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Woodcraft Folk youngsters learn to sign

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Woodcraft Folk youngsters learn to sign

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Published by HearFirst for HearFirst in Housing and also in Communities, Environment

Katie Duke fingerspelling ‘C’ at her Woodcraft Folk session Katie Duke fingerspelling ‘C’ at her Woodcraft Folk session

A group of young children from Manchester have learnt how to sign thanks to a fun signing session at their local community group.

The 12 youngsters, aged between five and eight, learnt the alphabet and signs for different colours during their Woodcraft Folk session in East Didsbury last week. 

The aim of the session, which was delivered by HearFirst, was to introduce the children to British Sign Language (BSL) and raise awareness about deafness in relation to children the same age.

Woodcraft Folk is a group which provides opportunities for children and young people to learn about big ideas and participate in activities such as craft, singing and games.  The weekly sessions are organised by parents and volunteers and activities are arranged around developing their self-confidence by building awareness of society around them.

Sarah McClelland, who works as an Environmental Officer for Manchester-based Great Places Housing Group and is also a Woodcraft Folk volunteer and co-leader, said: “I have worked with HearFirst following some training through work.  We thought it would be a good idea to ask them to introduce the children to BSL and raise awareness about some myths and early preconceptions about deafness.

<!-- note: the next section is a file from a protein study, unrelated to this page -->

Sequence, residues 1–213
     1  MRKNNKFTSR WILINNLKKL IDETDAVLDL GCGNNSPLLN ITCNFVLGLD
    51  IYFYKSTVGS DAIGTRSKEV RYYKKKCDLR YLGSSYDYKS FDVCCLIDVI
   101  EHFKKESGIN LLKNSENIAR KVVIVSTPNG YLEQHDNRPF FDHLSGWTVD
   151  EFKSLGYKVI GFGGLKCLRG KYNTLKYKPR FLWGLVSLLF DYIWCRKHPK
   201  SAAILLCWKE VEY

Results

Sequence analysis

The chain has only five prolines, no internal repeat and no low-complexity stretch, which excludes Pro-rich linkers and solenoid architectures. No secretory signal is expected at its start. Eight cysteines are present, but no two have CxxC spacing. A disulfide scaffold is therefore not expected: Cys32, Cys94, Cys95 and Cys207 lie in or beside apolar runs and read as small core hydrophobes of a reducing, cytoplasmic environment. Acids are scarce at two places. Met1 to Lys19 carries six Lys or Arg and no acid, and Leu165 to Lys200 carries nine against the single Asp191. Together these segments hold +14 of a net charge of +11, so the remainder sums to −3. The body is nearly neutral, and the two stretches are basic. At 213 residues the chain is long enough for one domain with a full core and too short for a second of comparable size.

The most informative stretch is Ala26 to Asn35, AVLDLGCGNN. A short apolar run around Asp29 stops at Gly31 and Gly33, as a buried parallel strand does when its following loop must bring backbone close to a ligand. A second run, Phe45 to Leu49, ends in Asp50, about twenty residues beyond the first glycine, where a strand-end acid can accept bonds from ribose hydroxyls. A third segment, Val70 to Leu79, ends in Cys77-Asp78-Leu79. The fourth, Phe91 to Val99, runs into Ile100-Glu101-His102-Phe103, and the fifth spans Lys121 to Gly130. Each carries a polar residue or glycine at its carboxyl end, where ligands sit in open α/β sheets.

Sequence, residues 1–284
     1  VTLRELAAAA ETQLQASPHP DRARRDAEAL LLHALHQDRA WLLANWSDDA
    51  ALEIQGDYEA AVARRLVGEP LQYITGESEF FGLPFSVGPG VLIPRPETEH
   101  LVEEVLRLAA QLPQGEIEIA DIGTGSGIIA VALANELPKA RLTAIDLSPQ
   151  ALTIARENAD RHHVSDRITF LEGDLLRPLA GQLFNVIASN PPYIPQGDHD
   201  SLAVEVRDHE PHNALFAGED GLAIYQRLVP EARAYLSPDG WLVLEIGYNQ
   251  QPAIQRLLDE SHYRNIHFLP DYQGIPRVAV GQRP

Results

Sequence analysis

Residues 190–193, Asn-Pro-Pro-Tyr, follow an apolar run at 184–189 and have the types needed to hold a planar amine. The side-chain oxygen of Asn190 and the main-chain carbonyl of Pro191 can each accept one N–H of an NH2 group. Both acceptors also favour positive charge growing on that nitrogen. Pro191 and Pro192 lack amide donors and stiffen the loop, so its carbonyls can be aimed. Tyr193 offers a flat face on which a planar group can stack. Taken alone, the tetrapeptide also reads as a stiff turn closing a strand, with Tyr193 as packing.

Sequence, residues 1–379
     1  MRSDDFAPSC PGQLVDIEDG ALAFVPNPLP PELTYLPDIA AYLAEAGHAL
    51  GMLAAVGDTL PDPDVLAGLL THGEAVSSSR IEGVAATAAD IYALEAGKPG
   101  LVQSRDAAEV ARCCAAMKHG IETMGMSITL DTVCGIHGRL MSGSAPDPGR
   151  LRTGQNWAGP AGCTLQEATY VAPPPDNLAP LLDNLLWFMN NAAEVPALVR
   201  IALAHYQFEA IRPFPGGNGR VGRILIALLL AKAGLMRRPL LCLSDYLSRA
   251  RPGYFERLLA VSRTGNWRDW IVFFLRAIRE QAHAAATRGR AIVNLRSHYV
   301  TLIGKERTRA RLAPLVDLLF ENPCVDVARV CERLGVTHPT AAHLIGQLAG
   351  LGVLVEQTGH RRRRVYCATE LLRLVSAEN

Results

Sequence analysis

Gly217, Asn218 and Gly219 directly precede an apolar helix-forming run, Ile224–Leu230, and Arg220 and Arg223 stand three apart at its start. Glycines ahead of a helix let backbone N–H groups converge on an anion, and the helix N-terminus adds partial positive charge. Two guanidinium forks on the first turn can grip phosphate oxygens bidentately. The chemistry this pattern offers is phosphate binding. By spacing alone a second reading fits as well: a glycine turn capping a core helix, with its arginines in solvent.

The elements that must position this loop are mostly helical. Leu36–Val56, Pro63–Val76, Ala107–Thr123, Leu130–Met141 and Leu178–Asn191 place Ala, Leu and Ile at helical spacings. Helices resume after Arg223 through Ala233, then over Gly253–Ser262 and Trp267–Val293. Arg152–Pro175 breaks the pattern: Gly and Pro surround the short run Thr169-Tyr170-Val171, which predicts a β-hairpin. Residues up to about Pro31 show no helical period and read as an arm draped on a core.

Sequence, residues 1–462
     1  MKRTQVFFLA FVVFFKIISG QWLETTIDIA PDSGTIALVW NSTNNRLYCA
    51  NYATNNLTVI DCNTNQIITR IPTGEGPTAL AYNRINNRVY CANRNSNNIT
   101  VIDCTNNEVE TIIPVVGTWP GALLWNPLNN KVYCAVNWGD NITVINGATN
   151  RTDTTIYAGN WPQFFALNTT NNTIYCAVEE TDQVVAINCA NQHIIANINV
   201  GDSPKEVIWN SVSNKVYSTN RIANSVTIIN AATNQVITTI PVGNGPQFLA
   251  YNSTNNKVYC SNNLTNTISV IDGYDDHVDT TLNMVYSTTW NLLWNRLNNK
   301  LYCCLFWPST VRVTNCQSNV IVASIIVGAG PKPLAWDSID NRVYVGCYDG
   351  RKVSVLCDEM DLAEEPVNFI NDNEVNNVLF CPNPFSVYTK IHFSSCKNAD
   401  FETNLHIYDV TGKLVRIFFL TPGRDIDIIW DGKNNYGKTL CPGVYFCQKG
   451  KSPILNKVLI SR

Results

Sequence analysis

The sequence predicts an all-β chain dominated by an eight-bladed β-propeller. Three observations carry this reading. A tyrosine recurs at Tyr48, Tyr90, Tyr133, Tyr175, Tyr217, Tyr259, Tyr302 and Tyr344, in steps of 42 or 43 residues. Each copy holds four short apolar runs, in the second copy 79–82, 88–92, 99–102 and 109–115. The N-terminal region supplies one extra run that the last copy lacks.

“The session has helped them to communicate and engage with some of their friends at school who are Deaf or deafened.  They learnt the alphabet and some signs for different colours so that they could sing, sign and perform, ‘I can sign a rainbow’.  There was also an interactive quiz to encourage them to discuss, explore and understand more about deafness.”

Julie Ryder, Director and Founder of HearFirst said: “The young children really enjoyed learning their signs and developing their knowledge about deafness.  Although we try to make the sessions as fun and as interactive as possible, there are some important messages that we try and communicate, particularly to children their age.

“With over 45,000 deaf children living in the UK*, our aim is to raise awareness of deafness and the basic knowledge of how to communicate with a deaf person to children of a similar age.  By introducing the children to basic BSL signs, it will help us to achieve this.”

Katie Duke, aged 8 from Tithe Barn School in Stockport regularly attends Woodcraft Folk in East Didsbury, said: “I loved signing the Rainbow song and it was funny to clap without making a noise. I want to show my friends how to sign.”

* Statistic from The National Deaf Children's Society (NDCS)

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